The New Year is just around the corner – hooray! Before we douse ourselves in optimism and egg nog, allow me to share with you insights from a book that’s bound to make you temporarily less cheery. Acclaimed business author Jim Collins wrote How The Mighty Fall “to offer a research-grounded perspective of how decline can happen, even to those that appear invincible, so that leaders might have a better chance of avoiding their tragic fate.” He continued, “It’s a bit like studying train wrecks — interesting, in a morbid sort of way, but not inspiring.”

 

Clearly this isn’t the subject you’d raise at a New Year’s Eve party, but it’s something every ISV management team should contemplate, even if 2018 was your best year ever. Wait – let me rephrase. You should contemplate these lessons especially if 2018 was your best year ever. Collins writes, “There is no law of nature that the most powerful will inevitably remain at the top. Anyone can fall and most eventually do.”

 

Here are 20 additional insightful excerpts from How The Mighty Fall that I hope motivate you to appropriately adapt your business for next year and beyond:

 

Never give in, except to convictions of honor and good sense.

 

  1. I’ve come to see institutional decline like a staged disease: harder to detect but easier to cure in the early stages, easier to detect but harder to cure in the later stages.
  2. Stage 1: Hubris born of success. Stage 1 kicks in when people become arrogant, regarding success virtually as an entitlement, and they lose sight of the true underlying factors that created success in the first place.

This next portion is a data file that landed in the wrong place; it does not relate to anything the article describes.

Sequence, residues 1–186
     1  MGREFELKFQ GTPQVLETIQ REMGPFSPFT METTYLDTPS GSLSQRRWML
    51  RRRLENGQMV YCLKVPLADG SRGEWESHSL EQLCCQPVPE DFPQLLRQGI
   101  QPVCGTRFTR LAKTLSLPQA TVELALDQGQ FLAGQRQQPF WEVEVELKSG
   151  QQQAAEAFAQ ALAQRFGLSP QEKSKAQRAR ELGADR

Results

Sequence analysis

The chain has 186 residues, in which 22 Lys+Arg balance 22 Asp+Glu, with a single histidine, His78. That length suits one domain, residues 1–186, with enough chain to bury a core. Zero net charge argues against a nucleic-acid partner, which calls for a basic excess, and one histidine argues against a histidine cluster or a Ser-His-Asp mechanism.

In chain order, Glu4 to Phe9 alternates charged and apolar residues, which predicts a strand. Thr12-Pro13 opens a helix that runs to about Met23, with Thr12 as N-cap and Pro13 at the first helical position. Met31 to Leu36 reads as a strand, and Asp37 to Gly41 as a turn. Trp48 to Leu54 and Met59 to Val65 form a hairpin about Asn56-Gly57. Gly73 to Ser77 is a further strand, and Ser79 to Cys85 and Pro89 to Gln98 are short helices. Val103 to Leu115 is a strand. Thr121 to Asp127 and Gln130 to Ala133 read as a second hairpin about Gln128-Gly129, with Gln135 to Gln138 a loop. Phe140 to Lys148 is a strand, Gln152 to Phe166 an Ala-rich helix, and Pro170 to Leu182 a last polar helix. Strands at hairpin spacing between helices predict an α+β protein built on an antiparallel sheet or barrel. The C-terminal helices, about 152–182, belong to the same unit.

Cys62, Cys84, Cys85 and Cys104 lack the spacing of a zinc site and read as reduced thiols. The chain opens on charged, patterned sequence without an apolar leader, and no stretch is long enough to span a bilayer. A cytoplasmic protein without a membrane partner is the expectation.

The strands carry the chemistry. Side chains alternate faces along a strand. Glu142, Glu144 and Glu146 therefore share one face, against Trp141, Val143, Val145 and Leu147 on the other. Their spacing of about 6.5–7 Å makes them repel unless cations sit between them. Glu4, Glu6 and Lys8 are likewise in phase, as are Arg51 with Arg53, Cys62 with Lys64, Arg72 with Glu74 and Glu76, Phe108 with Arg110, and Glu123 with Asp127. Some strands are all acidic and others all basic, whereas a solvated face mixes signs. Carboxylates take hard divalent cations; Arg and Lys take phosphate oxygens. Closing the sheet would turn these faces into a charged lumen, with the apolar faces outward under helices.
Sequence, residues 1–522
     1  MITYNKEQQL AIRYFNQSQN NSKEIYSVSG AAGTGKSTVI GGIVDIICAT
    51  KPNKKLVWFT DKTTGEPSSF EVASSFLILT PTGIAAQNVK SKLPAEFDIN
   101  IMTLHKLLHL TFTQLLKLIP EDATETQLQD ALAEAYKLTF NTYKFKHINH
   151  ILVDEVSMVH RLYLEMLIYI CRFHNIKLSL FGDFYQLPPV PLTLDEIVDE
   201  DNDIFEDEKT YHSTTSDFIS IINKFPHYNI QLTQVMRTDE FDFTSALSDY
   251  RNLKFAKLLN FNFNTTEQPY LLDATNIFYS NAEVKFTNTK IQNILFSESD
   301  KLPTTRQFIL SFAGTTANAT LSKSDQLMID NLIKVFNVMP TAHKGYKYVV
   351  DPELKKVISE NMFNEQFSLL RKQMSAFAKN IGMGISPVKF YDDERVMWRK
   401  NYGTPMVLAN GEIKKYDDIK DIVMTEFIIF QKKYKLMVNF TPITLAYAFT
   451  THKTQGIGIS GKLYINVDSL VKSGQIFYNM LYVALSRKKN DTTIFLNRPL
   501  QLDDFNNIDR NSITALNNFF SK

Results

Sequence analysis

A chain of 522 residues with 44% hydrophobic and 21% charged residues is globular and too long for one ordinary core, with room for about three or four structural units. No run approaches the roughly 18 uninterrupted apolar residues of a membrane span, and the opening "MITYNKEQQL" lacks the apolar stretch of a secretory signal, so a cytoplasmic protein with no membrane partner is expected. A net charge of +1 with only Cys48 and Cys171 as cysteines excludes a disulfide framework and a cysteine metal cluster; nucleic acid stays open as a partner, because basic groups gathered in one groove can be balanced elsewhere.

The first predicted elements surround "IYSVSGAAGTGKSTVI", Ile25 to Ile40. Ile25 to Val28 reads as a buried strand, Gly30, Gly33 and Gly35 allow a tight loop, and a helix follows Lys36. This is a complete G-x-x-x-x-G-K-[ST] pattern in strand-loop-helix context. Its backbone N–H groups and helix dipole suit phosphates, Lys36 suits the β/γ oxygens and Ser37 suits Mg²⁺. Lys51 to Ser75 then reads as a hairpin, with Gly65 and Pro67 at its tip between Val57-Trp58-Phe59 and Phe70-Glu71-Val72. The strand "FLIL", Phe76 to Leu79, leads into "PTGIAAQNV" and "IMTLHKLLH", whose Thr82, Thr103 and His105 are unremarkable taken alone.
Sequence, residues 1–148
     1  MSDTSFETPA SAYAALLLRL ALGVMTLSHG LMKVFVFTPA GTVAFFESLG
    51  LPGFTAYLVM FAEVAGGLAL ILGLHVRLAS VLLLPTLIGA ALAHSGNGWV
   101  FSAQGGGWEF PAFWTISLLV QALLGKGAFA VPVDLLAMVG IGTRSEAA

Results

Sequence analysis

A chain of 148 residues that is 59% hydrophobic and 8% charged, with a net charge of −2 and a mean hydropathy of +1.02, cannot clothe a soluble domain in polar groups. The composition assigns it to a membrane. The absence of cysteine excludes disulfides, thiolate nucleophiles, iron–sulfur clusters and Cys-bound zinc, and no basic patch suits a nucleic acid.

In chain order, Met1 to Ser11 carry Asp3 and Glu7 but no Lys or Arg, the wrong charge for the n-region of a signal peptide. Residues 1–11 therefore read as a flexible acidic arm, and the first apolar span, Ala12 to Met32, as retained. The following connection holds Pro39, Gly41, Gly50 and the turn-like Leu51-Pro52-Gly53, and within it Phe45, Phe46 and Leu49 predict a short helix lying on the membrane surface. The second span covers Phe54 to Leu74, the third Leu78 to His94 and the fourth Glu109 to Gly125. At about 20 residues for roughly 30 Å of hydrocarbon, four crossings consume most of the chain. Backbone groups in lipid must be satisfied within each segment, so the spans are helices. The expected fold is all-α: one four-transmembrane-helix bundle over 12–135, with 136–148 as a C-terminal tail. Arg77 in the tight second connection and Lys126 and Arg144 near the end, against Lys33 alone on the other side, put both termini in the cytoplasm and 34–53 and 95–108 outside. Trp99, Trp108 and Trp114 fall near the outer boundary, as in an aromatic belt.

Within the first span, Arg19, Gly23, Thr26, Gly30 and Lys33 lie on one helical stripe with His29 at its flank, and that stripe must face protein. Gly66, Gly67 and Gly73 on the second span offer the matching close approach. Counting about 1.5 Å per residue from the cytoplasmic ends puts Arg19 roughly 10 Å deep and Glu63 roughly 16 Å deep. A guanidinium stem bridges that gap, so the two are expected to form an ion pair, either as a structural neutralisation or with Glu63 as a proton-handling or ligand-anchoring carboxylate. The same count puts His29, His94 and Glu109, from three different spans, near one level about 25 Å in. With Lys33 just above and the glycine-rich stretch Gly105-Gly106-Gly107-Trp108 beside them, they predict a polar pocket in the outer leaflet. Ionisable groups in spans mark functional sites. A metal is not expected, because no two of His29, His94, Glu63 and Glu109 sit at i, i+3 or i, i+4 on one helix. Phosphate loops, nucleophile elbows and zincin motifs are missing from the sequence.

3. Stage 2: Undisciplined pursuit of more. When an organization grows beyond its ability to fill its key seats with the right people, it has set itself up for a fall.
  4. Stage 3: Denial of risk and peril. Internal warning signs begin to mount, yet external results remain strong enough to explain away disturbing data.
  5. Stage 4: Grasping for salvation. How does its leadership respond? By lurching for a quick salvation or by getting back to the disciplines that brought about greatness in the first place?
  6. Stage 5: Capitulation to irrelevance or death.
  7. Organizational decline is largely self-inflicted, and recovery largely within our own control.
  8. Circuit City left itself exposed by not revitalizing its electronic superstores with as much passion and intensity as when it first began building that business two decades earlier.
  9. Great companies foster a productive tension between continuity and change.
  10. There’s nothing inherently wrong with adhering to specific practices and strategies but only if you comprehend the underlying why behind those practices, and thereby see when to keep them and when to change them.
  11. The best corporate leaders have an incurable compulsion to vacuum the brains of people they meet.
  12. From 1994 to 1998, Rubbermaid raced through the stages of decline so rapidly that it should terrify anyone who has enjoyed a burst of success.
  13. Packard’s Law states that no company can consistently grow revenues faster than its ability to get enough of the right people to implement that growth and still become a great company.
  14. Any exceptional enterprise depends first and foremost upon having self-managed and self-motivated people — the number one ingredient for a culture of discipline.
  15. Whether a company sustains exceptional performance depends first and foremost on whether you continue to have the right people in power.